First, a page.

Route 143 collapses in Brian Head

Route 143 collapse in Brian Head, Utah, May 27, 2014 | Photo by Kevin Robison, Cedar City News

BRIAN HEAD – Temporary closures have been implemented on Route 143 in Brian Head due to sinking and collapsing of the highway.  A detour has been put in place which is having little to no impact on traffic or travel times.

The highway initially started to shift during the winter season due to construction of the new man-made Bristlecone Pond.

Although the road has collapsed, there has been no apparent damage to nearby ski lifts or condos.

“There’s been no evidence of any damage to either the condos or the ski infrastructure,” Bret Howser, Brian Head town manager, said. “We have installed what are called inclinometers in both of those places so that we can monitor any movement, and so far we’ve seen no movement by the chairlift, by the skier bridge or by the condos.”

According to a press release from Brian Head Town, construction of Bristlecone Pond was originally intended to be completed in fall 2013, but it was interrupted by unanticipated geotechnical complications in September.

Bristlecone Pond in Brian Head, Utah, undated | Photo courtesy of Bret Howser
Bristlecone Pond in Brian Head, Utah, undated | Photo courtesy of Bret Howser


As construction of the pond progressed, it became apparent there was a preexisting soil issue, seen by the multiple overlays on the road from previous construction in years past.

“When we dug out the pond, basically the water drained out of that area beneath the road and it started settling and sinking, because where there used to be water now there wasn’t, and so the space collapses a little bit,” Howser said.

Geotechnical engineers analyzed the area, but they could not come to a full agreement as to what was occurring. It was suggested to let the area settle naturally and let things run their course after the winter season ended.

Highway 143 was maintained and kept open during the 2013-2014 ski season.

In late April, the town closed Highway 143 to the west of Bristlecone Pond, allowing the land to settle as had been advised.

“When the runoff hit it, it sunk fairly dramatically in a period of just two or three weeks,” Howser said.

Once the damage had occurred, geotechnical engineers returned to analyze the area.

It was concluded that a layer under the road de-watered, allowing the highway to slowly sink, Howser said. During the water runoff, a layer of fine sand deep beneath the surface became super-saturated, and the resultant pressure caused the layer to push out into the pond.

“What’s causing it is water; water is moving the soil around deep down underneath the earth,” Howser said. “So the solution is to control the flow of water through there and than we can get back in there and rebuild it and we shouldn’t have that issue anymore.”

Route 143 colapse in Brain Head, Utah, May 27, 2014 | Photo taken by Kevin Robison, Cedar City News
Route 143 collapse in Brian Head, Utah, May 27, 2014 | Photo by Kevin Robison, Cedar City News


Steps have been taken to divert spring water through designated channels in order to avoid the damaged area. A French drain will also be installed so the water does not travel through the soil.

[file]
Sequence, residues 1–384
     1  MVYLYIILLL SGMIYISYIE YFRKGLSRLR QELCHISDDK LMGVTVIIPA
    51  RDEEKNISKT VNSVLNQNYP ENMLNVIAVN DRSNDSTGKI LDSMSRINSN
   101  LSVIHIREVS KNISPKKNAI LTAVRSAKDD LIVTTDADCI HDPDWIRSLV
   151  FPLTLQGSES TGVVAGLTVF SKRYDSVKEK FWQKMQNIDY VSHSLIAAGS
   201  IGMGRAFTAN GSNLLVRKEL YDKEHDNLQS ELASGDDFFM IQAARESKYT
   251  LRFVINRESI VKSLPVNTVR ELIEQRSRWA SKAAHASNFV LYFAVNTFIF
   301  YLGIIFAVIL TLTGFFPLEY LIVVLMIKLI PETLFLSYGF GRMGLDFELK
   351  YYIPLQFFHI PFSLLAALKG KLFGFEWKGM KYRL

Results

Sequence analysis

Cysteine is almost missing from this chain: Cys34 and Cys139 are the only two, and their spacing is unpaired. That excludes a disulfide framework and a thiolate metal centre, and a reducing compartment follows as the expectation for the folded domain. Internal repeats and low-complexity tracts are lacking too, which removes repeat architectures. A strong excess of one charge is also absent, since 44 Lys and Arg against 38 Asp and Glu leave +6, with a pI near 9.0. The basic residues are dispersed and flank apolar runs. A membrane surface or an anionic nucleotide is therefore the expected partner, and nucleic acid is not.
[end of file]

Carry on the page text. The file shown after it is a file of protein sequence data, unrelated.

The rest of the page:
“You create a little channel deep down in the ground with gravel and with a perforated pipe,” Howser said, “and that’s called a French drain.”

Water, sewer and gas lines were moved from the shifting ground as a preventative measure to avoid possible broken lines.

The town of Brian Head is currently working with the Utah Department of Transportation to properly rebuild the road.

“We will review some of the things their geotechnical folks submit to us and our geotechnical folks will take a look at that,” Kevin Kitchen, public information officer for UDOT region 4, said, “but basically, our only expectation at this point is that whatever rebuilding takes place is up to standards.”

The alternate route provided by the town is serving its purpose and properly functioning, Kitchen said.

So far, the town is covering the majority of the road construction costs, Howser said, because the costs have not been largely significant. If costs do become largely significant, the town will discuss the matter with UDOT.

The construction will not affect the majority of the pond. Although it is not in its final stages, the pond is currently filling up to the appropriate level and has been opened and stocked with 2,900 rainbow trout.

According to a press release, there has been some concern regarding the impact of construction and the temporary detour on Brian Head’s annual Fourth of July fireworks. The town has prepared parking and traffic plans to mitigate the impacts of construction.

A map showing parking and firework viewing areas will be prepared and widely distributed to guests.

New amenities in the pond area, such as a walking trail and picnic pads, will be available to those viewing fireworks.

The town asks that all visitors and residents be patient with the construction and observe all the parking and construction signs.

For updates, continue to check the town’s website and Facebook page or contact the Brian Head Town Hall at 435-677-2029.

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1 Comment

  • Zeke June 17, 2014 at 7:43 pm

    I’m “stoked” about having the pond stocked with 2,900 fish !

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